Rosanne Pauciello, 74, of South Philadelphia, longtime Democratic leader of Ward 39A and a powerful behind-the-scenes operative in city politics, died Sunday, Feb. 11, of complications from cancer at Penn Presbyterian Medical Center. Starting in 1985, Mrs. Pauciello took the helm of the South Philadelphia ward which extends southward from Mifflin Street and eastward from South Broad Street to the Delaware River. She was active as a ward leader up until the time of her death.
Elizabeth Jane Allen, 85, of Philadelphia, a specialist in public relations and development who helped lay the groundwork for the national Cystic Fibrosis Foundation in 1955, died Tuesday, Jan. 30, of complications from influenza at the Keystone Hospice in Wyndmoor. She had been battling Parkinson’s disease for two decades, said her daughter, Meredith Wiggins. Mrs. Allen, known as “Betty,” had a distinguished career as a public relations, human resources, and development specialist.
Lois Rutledge Bierly, 94, formerly of Wayne, a mother, entrepreneur, and community volunteer, died Tuesday, Feb. 6, of complications from dementia at Shannondell of Valley Forge, a senior community in Audubon. The pillars of Mrs. Bierly’s life were family, friends, and community. She had a “positive, make-it-happen approach to life,” her relatives said.
Muck Rack makes it simple to find people, tweets, or articles that mention any name, keyword, company, hashtag etc. We've compiled this guide to help you make the most of your search.
Selecting a term
Start searching tweets, articles from media outlets, articles mentioned in tweets, journalists'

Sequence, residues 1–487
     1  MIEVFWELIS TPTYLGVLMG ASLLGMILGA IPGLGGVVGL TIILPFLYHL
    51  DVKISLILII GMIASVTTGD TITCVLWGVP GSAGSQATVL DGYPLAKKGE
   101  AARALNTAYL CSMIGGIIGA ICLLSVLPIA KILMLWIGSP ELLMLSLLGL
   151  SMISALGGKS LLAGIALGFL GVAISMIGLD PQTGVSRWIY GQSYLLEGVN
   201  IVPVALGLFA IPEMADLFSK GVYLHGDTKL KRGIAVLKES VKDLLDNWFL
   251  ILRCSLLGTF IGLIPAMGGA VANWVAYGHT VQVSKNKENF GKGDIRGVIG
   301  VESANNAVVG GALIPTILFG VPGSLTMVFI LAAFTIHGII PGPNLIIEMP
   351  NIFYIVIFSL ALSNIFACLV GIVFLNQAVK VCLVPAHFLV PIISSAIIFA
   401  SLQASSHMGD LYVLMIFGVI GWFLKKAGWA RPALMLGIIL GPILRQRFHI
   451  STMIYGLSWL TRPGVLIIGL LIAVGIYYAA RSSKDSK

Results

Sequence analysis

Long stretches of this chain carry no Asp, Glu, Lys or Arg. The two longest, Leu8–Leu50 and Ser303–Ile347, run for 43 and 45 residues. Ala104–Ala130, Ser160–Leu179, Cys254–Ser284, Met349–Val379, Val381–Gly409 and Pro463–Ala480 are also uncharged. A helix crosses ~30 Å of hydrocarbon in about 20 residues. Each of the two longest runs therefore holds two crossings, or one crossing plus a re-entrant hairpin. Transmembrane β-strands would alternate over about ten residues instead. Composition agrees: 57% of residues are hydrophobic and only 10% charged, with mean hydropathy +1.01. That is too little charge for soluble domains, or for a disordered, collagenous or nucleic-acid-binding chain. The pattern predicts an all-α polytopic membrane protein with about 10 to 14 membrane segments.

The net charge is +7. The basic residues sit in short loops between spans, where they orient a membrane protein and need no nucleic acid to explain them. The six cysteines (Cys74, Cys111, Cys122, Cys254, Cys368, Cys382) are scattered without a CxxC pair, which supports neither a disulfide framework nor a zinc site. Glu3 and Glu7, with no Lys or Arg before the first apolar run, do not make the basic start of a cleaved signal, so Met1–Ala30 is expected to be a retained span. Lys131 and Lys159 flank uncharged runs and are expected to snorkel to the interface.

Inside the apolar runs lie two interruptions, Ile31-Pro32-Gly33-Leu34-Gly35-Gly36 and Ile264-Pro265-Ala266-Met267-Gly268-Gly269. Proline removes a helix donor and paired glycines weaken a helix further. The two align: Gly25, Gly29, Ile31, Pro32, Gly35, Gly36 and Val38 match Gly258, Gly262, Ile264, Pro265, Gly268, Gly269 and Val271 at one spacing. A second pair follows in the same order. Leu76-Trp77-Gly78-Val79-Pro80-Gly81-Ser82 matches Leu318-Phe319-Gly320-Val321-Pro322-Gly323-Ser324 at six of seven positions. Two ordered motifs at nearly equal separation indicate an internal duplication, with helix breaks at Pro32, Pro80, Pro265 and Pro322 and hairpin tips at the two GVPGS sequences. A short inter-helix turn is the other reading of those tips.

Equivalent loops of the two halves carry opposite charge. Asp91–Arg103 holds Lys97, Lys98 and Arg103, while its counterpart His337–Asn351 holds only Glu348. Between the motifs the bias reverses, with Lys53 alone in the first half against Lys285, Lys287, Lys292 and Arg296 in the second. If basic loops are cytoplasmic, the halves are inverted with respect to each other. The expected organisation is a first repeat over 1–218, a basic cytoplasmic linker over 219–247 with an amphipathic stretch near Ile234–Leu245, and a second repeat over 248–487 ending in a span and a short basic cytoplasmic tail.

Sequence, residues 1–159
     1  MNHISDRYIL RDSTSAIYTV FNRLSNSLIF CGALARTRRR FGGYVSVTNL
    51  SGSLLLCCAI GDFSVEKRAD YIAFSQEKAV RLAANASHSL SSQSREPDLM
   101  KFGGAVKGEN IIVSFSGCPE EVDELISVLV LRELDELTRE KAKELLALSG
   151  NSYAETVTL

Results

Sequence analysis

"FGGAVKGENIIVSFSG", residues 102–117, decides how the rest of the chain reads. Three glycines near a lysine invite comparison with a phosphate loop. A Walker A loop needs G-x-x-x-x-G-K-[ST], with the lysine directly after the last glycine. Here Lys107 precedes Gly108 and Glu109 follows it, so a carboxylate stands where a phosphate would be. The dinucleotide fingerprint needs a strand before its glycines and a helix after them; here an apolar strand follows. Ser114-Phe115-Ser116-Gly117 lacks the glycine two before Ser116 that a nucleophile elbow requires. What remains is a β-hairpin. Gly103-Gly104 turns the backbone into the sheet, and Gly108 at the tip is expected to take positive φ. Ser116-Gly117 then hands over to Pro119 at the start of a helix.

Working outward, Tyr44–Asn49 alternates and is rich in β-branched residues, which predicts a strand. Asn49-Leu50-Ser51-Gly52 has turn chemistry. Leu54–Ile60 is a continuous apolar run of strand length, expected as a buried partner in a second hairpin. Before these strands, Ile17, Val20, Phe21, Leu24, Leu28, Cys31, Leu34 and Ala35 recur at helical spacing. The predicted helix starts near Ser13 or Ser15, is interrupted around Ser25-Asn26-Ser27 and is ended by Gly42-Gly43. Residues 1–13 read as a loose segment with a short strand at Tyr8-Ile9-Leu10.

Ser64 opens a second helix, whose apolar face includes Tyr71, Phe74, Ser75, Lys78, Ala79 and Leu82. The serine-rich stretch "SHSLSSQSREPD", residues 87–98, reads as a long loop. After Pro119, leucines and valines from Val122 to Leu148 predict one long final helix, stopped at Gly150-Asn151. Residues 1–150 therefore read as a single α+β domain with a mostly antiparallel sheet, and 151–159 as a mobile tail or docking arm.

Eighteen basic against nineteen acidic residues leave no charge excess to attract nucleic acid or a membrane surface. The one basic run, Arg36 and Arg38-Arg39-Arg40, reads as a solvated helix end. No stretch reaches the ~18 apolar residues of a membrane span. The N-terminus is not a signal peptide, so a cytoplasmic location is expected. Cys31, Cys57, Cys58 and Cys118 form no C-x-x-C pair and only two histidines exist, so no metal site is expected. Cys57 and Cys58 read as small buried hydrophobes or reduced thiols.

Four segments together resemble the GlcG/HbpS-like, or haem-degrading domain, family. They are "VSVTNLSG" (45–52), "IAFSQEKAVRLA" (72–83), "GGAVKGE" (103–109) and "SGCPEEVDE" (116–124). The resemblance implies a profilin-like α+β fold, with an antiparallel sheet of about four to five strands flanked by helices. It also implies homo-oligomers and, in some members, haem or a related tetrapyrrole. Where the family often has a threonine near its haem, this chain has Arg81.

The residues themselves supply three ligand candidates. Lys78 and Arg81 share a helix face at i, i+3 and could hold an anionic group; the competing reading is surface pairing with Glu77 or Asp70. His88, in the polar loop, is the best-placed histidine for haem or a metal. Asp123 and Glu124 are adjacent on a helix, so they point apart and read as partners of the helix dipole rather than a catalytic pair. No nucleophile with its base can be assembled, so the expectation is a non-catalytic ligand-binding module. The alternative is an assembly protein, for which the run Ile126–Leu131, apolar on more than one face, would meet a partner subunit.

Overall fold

names, titles and bios with some suggested searches:
Companies or Topics (e.g. iPhone, Microsoft)
Phrases (e.g. "cloud computing") — use quotes to keep the terms together
Twitter handles (e.g. @username) — returns those who have mentioned or replied to
Names (e.g. "David Pogue")
Hashtags (e.g. #sxsw, #london2012)
Bio details (e.g. vegan, Olympics, father)
Muck Rack's Advanced Search allows for many boolean operators.
Find results that mention multiple specified terms, use AND or
+. For example, ensure each result contains both Elon Musk and Mark Zuckerberg by
searching Musk AND Zuckerberg or Musk + Zuckerberg.
Use the operators OR or , to broaden your search when you'd like either of
multiple terms to appear in results. (This is the default behavior of our search when no operators
are used). For example, results will contain either cake or cookie by searching cake OR cookie or cake,cookie
Use NOT or - to subtract results from your search. For
example, searching Disney will yield results about the Walt Disney Company as well as Walt Disney
World Resort. To exclude mentions of Disney World, search for Disney -World or Disney
When using one of these operators with a phrase, enclose it in quotation marks. For example, you can
find results about smartphones excluding Apple's iPhone 4S by searching smartphone -"iPhone
Exact case matching or punctuation
If you're searching for a brand name or keyword that relies on specific punctuation marks or capitalization, you can
find results that match your exact query by adding matchcase: before the keyword you're searching for, like matchcase:E*TRADE .
Use parentheses to separate multiple
boolean phrases. For example, to find journalists talking about having fun in Disney World or
Disneyland, search for ("disney world" OR disneyland) AND fun.
An asterisk can be used to search for any variation of a root word truncated by the asterisk. For example, searching for admin* will return results for administrator, administration, administer, administered, etc.
A near operator is an AND operator where you can control the distance between the words. You can vary the distance the near operation uses by adding a forward slash and number (between 0-99) such as strawberries NEAR/10 "whipped cream", which means the strawberries must exist within 10 words of "whipped cream".